California Attorney General to Investigate Fatal Shooting by Vallejo Police

Both the local district attorney’s office and the former California Attorney General’s Office refused to investigate the June 2020 police shooting.

A memorial for Sean Monterrosa, who was shot and killed by a Vallejo, California, police officer in June 2020. (By Dale Cruse from San Francisco, CA, USA – Black Lives Matter, CC BY 2.0, Link)

(CN) — The California Attorney General’s Office will step in to investigate the fatal shooting of 22-year-old Sean Monterossa by Vallejo police who said the man had a gun tucked in his pocket.

Monterrosa was kneeling on the ground when an officer fired five rounds through his police cruiser striking the man in the head. The case has become a legal hot potato with both the Solano County District Attorney’s Office and former California Attorney General Xavier Becerra refusing to investigate.

On Thursday, California AG Rob Bonta said his office will conduct an independent investigation into the shooting and provide answers to Monterossa’s family and the community.

Bonta did not mince words with his announcement.

“They deserve to know where the case stands. Instead, they’ve been met with silence. It’s time for that to change; it’s time for action,” Bonta said in a statement. “Seeing the failure of the District Attorney to fulfill this important responsibility, my office will review the case to ensure a fair, thorough, and transparent process is completed. This is the right thing to do and I will go where the facts lead. Rebuilding trust in our institutions starts with the actions of each and every one of us. If there has been wrongdoing, we will bring it to light.”

Monterossa’s death sparked protests across the San Francisco Bay Area last summer with calls for a criminal investigation into the shooting. Body camera footage released several weeks after the shooting shows officers driving in an unmarked pickup truck responding to reports of looting at a Walgreens pharmacy store. Before the truck comes to a complete stop, an officer in the back seat fires five rounds from a rifle through the truck’s windshield.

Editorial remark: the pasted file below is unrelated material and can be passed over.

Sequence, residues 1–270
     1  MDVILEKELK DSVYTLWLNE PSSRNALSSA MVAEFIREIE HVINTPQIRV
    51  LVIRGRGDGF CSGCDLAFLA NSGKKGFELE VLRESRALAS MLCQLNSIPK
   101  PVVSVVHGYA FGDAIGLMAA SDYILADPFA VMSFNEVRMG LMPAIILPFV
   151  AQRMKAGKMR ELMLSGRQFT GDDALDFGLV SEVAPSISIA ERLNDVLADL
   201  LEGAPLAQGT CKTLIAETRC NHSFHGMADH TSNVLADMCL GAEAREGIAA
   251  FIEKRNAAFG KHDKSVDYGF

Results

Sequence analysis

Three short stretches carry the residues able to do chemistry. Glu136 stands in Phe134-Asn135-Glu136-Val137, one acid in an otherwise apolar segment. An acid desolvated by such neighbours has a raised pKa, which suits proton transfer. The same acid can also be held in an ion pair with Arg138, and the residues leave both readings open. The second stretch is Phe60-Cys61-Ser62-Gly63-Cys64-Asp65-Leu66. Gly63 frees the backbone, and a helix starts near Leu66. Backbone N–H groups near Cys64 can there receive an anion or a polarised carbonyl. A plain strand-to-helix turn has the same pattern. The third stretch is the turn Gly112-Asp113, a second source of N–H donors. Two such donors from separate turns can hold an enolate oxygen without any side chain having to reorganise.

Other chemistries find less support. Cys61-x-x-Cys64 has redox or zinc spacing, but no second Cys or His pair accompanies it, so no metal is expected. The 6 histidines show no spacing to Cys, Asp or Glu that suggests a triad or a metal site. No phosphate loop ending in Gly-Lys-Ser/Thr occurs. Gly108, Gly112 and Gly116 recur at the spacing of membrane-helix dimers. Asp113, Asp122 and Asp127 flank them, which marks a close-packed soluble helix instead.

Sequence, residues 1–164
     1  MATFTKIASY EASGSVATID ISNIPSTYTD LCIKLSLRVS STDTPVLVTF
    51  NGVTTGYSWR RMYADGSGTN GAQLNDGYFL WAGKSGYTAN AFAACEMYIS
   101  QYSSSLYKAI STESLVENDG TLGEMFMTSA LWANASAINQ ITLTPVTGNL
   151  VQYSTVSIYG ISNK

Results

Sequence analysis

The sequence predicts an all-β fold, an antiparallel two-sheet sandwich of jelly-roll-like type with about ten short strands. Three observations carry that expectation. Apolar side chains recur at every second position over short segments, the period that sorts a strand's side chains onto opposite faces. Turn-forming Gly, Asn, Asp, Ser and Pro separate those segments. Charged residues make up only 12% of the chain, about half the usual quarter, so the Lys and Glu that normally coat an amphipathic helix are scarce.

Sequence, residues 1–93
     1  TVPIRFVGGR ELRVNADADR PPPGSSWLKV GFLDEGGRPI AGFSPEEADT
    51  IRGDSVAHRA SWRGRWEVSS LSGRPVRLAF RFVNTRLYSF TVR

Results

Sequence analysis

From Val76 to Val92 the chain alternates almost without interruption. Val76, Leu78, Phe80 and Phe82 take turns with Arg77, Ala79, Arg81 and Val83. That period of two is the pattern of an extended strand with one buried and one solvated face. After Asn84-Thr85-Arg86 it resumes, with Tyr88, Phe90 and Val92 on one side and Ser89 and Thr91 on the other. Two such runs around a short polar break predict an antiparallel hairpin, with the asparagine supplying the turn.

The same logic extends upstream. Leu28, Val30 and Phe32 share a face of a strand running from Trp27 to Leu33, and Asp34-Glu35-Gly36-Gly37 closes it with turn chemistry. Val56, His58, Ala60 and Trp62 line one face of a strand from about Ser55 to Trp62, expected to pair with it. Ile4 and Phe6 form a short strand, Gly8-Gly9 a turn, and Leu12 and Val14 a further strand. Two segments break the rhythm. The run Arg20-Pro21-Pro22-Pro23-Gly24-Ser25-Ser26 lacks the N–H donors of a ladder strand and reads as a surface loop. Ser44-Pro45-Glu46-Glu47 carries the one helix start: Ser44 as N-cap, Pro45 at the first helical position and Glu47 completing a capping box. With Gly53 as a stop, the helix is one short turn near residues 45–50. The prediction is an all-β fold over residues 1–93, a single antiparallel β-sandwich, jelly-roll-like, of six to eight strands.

Monterossa is not visible in the footage, but the officer who shot from inside the car, later identified as Jarret Tonn, gets out of the truck and asks another officer, “What did he point at us?”

“I don’t know man,” the other officer responds.

Tonn shouts, “Hey, he pointed a gun at us.”

There were no guns found at the scene, but police did find a hammer in Monterossa’s pocket. Fallout from the shooting unfolded shortly after George Floyd’s death. Calls for an independent investigation into the shooting were manifold, including Speaker of the House Nancy Pelosi and U.S. Rep. Mike Thompson. But Solano County DA Krishna Abrams recused herself from the investigation and on March 10, 2021 her office tried to deliver the investigative file to the California Department of Justice, according to Bonta’s office.

Abrams demanded the Department of Justice take over the investigation even though there were no known conflicts that would prevent her office from making the decision to bring charges against Tonn, Bonta’s office said. The DA’s office offered mixed signals according to the California AG’s office, as Abrams said her office would be able to offer a fair and objective evaluation of the case, but to this date has made no indication that there would be an investigation into the shooting.